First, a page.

On Thursday 16 May 2019, the Offensive Weapons Bill received Royal Assent and will now be known as the Offensive Weapons Act.
Knife crime and acid attacks are issues of considerable public concern. These crimes have a devastating impact on communities, not just in our major cities but across the country.
The measures within the Offensive Weapons Bill will provide greater protection for the public and communities and deliver on the government’s commitment to tackle serious violence and provide law enforcement with the powers they need to keep the public safe.
The bill will:
- create a new criminal offence of selling (both online and offline) a corrosive product to a person under the age of 18 – the substances and concentration levels of what constitutes a corrosive product are set out in the bill
- create a new criminal offence of possessing a corrosive substance in a public place – there is a defence of possessing the corrosive substance for good reason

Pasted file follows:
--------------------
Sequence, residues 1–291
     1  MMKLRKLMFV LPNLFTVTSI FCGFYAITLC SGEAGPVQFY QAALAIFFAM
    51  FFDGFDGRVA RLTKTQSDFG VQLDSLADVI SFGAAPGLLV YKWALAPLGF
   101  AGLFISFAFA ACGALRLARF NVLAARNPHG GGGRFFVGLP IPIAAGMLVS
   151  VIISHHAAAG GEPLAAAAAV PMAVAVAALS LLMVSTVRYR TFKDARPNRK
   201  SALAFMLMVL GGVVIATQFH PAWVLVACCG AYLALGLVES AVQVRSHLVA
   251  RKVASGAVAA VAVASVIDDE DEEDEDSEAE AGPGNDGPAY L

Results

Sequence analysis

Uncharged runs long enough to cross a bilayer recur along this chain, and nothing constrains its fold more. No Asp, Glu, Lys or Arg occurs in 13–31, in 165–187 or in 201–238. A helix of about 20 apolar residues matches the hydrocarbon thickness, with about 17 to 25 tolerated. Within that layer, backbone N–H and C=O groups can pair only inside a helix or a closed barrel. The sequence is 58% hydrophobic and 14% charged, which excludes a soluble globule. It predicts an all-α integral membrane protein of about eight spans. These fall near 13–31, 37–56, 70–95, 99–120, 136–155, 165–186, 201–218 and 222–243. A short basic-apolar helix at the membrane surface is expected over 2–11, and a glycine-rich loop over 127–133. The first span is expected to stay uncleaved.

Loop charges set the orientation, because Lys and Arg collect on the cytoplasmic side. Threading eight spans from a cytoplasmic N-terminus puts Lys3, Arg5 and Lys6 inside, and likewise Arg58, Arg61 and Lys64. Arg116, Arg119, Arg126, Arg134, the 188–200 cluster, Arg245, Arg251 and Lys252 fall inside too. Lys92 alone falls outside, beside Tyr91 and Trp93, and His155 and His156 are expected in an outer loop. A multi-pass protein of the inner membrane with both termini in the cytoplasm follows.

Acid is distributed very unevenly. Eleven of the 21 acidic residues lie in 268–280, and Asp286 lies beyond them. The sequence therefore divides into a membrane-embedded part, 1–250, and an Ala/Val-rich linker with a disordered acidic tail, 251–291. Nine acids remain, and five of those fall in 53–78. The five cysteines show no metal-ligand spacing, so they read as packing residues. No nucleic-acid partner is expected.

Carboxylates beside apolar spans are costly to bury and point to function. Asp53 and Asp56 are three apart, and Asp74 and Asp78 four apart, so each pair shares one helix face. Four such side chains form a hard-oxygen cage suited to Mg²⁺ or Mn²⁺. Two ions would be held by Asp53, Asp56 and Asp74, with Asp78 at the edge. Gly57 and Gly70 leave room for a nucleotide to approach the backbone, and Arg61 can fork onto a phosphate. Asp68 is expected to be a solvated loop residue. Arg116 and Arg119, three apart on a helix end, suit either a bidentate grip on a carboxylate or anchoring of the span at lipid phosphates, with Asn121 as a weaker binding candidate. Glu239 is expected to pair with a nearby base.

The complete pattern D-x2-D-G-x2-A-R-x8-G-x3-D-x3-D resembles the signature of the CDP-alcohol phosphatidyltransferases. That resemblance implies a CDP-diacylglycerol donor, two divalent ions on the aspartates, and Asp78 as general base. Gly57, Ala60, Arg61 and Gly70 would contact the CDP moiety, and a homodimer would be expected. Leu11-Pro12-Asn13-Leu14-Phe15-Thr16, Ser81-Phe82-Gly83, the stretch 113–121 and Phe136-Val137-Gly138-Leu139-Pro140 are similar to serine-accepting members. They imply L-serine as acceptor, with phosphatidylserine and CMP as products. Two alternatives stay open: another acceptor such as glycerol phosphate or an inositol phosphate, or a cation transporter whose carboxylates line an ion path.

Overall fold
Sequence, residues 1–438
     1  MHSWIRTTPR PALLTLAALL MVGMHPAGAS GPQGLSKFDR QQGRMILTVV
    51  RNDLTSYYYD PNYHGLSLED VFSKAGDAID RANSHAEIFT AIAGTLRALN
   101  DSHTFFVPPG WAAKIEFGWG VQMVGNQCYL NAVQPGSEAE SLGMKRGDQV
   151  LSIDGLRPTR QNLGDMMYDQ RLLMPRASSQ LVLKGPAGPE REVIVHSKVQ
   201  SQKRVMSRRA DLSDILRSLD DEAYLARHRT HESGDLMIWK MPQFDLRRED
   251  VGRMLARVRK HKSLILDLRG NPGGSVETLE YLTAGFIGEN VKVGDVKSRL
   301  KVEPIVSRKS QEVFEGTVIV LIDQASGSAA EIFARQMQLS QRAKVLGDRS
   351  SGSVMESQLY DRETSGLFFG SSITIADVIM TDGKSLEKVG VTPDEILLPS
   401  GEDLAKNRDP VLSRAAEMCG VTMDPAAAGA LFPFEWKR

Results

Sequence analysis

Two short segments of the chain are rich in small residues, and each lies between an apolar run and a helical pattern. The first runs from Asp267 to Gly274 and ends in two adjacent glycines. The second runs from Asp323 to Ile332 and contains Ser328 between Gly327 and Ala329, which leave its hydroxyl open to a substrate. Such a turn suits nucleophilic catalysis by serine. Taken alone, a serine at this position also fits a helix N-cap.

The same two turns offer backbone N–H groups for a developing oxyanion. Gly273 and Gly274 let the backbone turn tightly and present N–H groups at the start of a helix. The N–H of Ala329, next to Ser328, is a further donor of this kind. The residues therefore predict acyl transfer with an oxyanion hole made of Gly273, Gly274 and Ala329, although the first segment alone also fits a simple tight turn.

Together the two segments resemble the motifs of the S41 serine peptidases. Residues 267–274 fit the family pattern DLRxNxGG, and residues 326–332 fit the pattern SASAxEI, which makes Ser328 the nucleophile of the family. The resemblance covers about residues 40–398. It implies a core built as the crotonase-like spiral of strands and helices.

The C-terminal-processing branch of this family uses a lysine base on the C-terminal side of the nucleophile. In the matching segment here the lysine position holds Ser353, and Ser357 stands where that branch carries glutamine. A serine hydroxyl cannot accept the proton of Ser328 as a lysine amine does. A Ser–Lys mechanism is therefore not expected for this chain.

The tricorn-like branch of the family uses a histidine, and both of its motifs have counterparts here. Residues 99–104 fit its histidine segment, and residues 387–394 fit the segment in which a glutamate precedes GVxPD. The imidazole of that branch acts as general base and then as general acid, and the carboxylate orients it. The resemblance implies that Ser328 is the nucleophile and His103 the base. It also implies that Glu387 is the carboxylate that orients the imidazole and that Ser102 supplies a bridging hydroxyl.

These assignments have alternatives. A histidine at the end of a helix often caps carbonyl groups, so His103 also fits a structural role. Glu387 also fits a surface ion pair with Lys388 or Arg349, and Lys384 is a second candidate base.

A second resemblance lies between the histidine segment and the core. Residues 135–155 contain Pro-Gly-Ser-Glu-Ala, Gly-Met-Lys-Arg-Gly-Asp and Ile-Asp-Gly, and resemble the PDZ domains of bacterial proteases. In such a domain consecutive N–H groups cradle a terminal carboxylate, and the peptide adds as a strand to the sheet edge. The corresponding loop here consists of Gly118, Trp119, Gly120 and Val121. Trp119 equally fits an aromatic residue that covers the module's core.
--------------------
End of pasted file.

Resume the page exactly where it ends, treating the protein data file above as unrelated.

- create new criminal offences prohibiting the dispatch of bladed products and corrosive products sold online to a residential address – the offence for bladed products is limited to those that can cause serious injury and includes defences for made-to-order items and those for sporting and re-enactment purposes
- create new criminal offences on delivery companies of delivering a bladed article or a corrosive product on behalf of a seller based outside the United Kingdom to a person under 18
- update the definition of a flick knife and prohibit the possession of flick knives and gravity knives (their sale is already prohibited)
- amend section 141 of the Criminal Justice Act 1988 to make it a criminal offence to possess certain offensive weapons (such as knuckledusters and zombie knives)
- extend the existing offences of possessing a bladed article or offensive weapon on school premises to cover further education premises
- amend the legal test for the offence of threatening with an offensive weapon to aid prosecution
- prohibit high energy and rapid firing firearms and a device known as a bump stock which increases the rate of fire of rifles and provide for compensation for owners of such weapons
Documents related to the Offensive Weapons Bill can be found on the Parliament website.
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